ONE OF MY ISLAND HOME’S GREAT ASSETS isn’t in the San Juans at all. It’s the nearby Skagit Valley, which one crosses to get here. It’s a beautiful agricultural valley bisected by one of the West’s great rivers and edged by snowy mountains. Its saltwater sloughs, scenic bays and verdant farming fields attract migratory geese and swans, along with countless Great Blue Herons and soaring raptors that make the valley home.
With a day off from work to celebrate, daughter Lillian chose to meet me there Monday to mark her 30th birthday.
We started the day with deliciously vulgar breakfasts at our favorite La Conner cafe, the Calico Cupboard, perched on the edge of Swinomish Channel. Lillian’s platter of Eggs Benedict swam with smoked salmon circling a giant island of hash browns made from Skagit potatoes. My Morning Glory Omelette’s three eggs were a happy vessel for crisp bacon, avocado, tomato, baby spinach, and cheddar cheese, topped by sour cream and green onion. Lil eventually had to cry “uncle” to that Greenland-sized mass of taters, but I was a proud member of the Clean Plate Club.
After our late breakfast, we toddled (or, maybe, waddled) in and out of La Conner’s shops, easy targets for merchants of kitchen gadgets (she really needed that cheese slicer) and the latest books appealing to 30-year-old readers of fantasy fiction. We enjoyed poking our noses into the new nautically-themed boutique that now occupies what was the one-room town library where Barbara was the sole librarian in the early 1980s.
After a pleasant wander along the town’s delightful new (in the past decade) waterfront walkway looking across to a tribal park’s pavilions fashioned to resemble woven-cedar hats, we motored northward and parked the car for a breakfast-burning 2-mile hike on the Padilla Bay Shore Trail. Beneath a blustery autumn sky split between patches of gingham blue and darkly scudding clouds, we watched wading herons hunt for their own brunch along the muddy banks of meandering sloughs.
Back in the car, we followed Bay View-Edison Road to its terminus: the village of Edison (est. 1869, pop. 147), which holds up bravely under a massive overdose of charm.
I’m not sure what it is that makes the place so appealing. Maybe that there are only about five businesses that manage to keep their doors open, and you’d better be prepared to pay cash because credit cards are too newfangled. Or that “downtown” is only about three-quarters of a block. Now with a decidedly Rural Bohemian vibe, it has the air of being stuck interminably in the 1920s (a decade when its high school produced famed journalist Edward R. Murrow). Probably key to its commercial survival today is that it is world headquarters to Breadfarm, which might be my favorite bakery on the planet (and I’m not the only loyalist).
After Lil bought a black-olive ciabatta loaf to take home, we reviewed the “fun things to do” list I’d compiled for the day (travel editor, remember? it’s what I do). We looked at our watches, noted that the day was marching on and decided we didn’t feel like rushing up Chuckanut Drive (which doesn’t deserve to be rushed) to a Bellingham pub I liked (Aslan Brewing, which seemed appropriate because Lillian and I have been reading “The Chronicles of Narnia” to each other).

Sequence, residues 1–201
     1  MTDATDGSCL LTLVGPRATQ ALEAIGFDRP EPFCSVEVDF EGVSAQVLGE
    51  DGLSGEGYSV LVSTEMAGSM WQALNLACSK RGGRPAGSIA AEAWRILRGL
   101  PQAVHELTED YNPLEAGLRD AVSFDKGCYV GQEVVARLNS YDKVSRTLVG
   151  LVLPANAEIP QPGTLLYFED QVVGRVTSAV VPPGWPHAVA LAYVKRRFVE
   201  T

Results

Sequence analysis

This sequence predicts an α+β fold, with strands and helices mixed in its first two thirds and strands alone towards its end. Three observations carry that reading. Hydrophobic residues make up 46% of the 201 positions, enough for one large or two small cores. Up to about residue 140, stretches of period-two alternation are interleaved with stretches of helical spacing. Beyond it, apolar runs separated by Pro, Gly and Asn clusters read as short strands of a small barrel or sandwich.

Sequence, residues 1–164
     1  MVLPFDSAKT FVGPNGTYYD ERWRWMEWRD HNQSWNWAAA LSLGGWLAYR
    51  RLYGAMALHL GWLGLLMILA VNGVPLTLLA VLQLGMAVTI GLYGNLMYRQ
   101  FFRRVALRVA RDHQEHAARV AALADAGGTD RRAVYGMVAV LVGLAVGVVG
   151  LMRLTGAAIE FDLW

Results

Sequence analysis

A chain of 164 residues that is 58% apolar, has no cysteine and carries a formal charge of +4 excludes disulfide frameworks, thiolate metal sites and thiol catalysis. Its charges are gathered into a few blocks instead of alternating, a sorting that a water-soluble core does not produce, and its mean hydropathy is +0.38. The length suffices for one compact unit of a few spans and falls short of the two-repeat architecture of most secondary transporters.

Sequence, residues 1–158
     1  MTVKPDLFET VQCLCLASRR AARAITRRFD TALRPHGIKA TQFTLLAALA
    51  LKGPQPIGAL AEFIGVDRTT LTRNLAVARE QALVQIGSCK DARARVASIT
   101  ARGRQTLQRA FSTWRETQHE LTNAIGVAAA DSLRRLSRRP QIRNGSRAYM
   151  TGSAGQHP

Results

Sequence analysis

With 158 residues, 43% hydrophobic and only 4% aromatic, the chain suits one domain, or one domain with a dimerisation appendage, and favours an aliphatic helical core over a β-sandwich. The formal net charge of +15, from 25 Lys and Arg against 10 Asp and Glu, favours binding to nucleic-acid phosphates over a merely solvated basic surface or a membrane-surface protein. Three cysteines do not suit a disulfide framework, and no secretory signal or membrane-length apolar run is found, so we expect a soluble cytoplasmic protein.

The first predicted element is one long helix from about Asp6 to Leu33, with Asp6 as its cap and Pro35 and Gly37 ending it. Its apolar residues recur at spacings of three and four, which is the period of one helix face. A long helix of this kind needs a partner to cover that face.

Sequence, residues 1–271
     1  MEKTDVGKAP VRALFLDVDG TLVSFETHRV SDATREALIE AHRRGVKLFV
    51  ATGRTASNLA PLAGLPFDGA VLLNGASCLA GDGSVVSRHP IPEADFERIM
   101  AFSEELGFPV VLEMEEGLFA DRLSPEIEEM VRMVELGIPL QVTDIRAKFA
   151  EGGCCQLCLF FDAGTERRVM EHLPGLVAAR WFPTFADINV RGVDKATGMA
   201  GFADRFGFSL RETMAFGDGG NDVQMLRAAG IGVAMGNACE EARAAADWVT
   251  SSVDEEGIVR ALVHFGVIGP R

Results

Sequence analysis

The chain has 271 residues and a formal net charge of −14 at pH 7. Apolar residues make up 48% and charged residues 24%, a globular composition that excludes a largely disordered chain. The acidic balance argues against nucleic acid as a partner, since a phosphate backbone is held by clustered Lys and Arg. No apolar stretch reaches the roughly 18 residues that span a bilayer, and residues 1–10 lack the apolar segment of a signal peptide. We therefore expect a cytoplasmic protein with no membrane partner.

As we hesitated, we noticed a sign pointing to the end of Edison’s main drag. It included the words “brewery” and “pizza.” Perfect! A bird in the hand.
Indeed, looking out over lazy Edison Slough, I could spy yet another heron from our cozy window table at Terramar Brewing, where Lillian and I sipped some tasty brews 20 minutes later. Lil (her Guinness-devoted mother’s daughter, for sure) had a pint of Red-Eye Porter “with notes of fresh-ground coffee and bittersweet chocolate,” while I quaffed a glass of Old Number Six, described as a Blonde Steam Beer with a rounded malt profile.
Those generous breakfasts were still with us, so instead of pizza we snacked on a starter portion of roasted Shishito peppers, spiced with anchovy and garlic. Boo wah! (Burp.)
To end the day, we headed for a picnic table edging Cap Sante Marina in Anacortes where we would celebrate with massive chocolate cupcakes I had baked and a Thermos of hot tea. But as soon as we stepped out of the car a cool breeze reminded us with whirling gusto that it was almost friggin’ October.
So we parked with a view of the boats and gobbled cupcakes in the car. As far as I can remember, these might be the first cupcakes I’ve ever baked, so I had no idea how much batter to spoon into each cupcake paper. And my Barbara, who didn’t believe in doing things in a small way, kept only an oversized cupcake pan in the cupboard. So not only were they big cupcakes, they had overflowed the tin. They were Cake-zillas.
But topped with chocolate icing and maraschino cherries, they were pretty tasty.
Hard to believe she’s already 30. My daughter is a wonderful young woman. She gets most of the credit for that. But Barbara and I did good.